Oliver E. Williamson Best Conference Paper Award
Laurent Frésard, University of Maryland, (with Gerard Hoberg and Gordon Phillips):
“Innovation Activities and the Incentives for Vertical Acquisitions and Integration”
This paper examines the incentives for firms to vertically integrate through acquisitions and production. The authors develop a new firm-specific measure of vertical relatedness and integration using 10-K product text. They find that firms in high R&D industries are less likely to become targets in vertical acquisitions or to vertically integrate. These findings are consistent with the idea that firms with unrealized innovation avoid integration to maintain incentives to invest in intangible assets and to keep residual rights of control as in Grossman and Hart (1986). In contrast, firms in high patenting industries with mature product markets are more likely to vertically integrate, consistent with control rights being obtained by firms to facilitate commercialization of already realized innovation.
The award committee was particularly impressed by the new way to measure vertical integration using textual analysis of regulatory filings, and by the finding of a negative relationship between vertical integration and R&D, while finding a positive relationship between vertical integration and patenting.
Ronald H. Coase Dissertation Award
Orie Shelef, Stanford University, PhD from UC Berkeley:
“Essays on Contracting: Explicit Managerial Contracts and Implicit Relational Influence Contracts”
This dissertation provides both a theoretical and empirical analysis of contracting, studying incentives of mutual funds managers and political contributions. The committee was specially struck by the care and detail of both the theoretical and empirical research, and they especially recommend everybody to have a look at his third essay on political influence buying.
Elinor Ostrom Lifetime Achievement Award
Harold Demsetz, UCLA
Harold Demsetz is Arthur Andersen UCLA Alumni Emeritus Professor of Business Economics. He previously taught at the University of Chicago and the University of Michigan. He chaired UCLA’s Department of Economics from 1978 through 1980. From 1984 to 1995, he held the Arthur Andersen UCLA Alumni Chair in Business Economics and Directed UCLA’s Business Economics program.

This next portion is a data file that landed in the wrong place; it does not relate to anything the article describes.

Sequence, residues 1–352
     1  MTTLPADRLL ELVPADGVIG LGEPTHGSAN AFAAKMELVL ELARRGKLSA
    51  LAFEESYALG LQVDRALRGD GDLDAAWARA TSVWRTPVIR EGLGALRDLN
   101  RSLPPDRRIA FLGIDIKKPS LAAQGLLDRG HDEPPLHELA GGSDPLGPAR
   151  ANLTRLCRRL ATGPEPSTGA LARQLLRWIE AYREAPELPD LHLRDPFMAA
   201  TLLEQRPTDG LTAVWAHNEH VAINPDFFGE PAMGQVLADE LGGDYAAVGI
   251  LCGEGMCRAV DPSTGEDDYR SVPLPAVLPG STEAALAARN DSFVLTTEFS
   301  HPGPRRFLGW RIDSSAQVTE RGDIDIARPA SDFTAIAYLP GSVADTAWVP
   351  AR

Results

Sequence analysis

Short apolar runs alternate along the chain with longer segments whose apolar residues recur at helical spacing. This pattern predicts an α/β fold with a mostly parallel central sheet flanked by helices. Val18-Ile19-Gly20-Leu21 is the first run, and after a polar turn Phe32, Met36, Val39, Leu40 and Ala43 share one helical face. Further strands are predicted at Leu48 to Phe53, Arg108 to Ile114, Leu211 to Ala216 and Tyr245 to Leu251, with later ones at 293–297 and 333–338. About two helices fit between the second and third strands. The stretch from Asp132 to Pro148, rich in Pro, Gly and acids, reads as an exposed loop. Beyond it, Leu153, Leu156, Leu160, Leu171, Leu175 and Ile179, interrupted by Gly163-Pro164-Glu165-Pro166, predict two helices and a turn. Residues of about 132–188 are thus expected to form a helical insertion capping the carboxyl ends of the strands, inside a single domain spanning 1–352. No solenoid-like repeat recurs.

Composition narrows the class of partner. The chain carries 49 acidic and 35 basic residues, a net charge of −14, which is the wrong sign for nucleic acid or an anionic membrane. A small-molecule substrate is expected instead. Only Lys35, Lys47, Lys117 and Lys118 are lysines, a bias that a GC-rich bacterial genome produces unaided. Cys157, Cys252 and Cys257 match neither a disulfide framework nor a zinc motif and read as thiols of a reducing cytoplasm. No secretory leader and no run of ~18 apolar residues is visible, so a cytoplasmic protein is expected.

A towering figure in the economics of institutions and organizations, he is listed in Mark Blaugh's Great Economists Since Keynes. His works are focused on property rights, the business firm, problems in monopoly, competition, and antitrust, and even bioeconomics. Harold Demsetz is the author of numerous articles, two published monographs, and five books. His most recent book is From Economic Man to Economic System: Essays on Human Behavior and the Institutions of Capitalism, published in 2009 by Cambridge University Press. The 1972 article he co-authored (with Armen A. Alchian) “Production, Information Costs, and Economic Organization,’ in the American Economic Review, was selected by the American Economic Association as one of the 25 most important papers published in the 100 year history of the AER. His 1967 paper, “Toward a Theory of Property Rights” also in the AER, has inspired an entire literature. Professor Demsetz is an elected Fellow of the American Academy of Arts and Sciences, past director of the Mont Pelerin Society, and past (1996) President of the Western Economics Association International. Northwestern University, in 1994, awarded him an Honorary Doctorate in Humane Letters, and, in 1996, he received an Honorary Doctorate in Social Science from Francisco Marroquín University. Drexel University, in 2012, honored his work on corporate governance, and, in the same year, the University of California Los Angeles honored his work across all disciplines.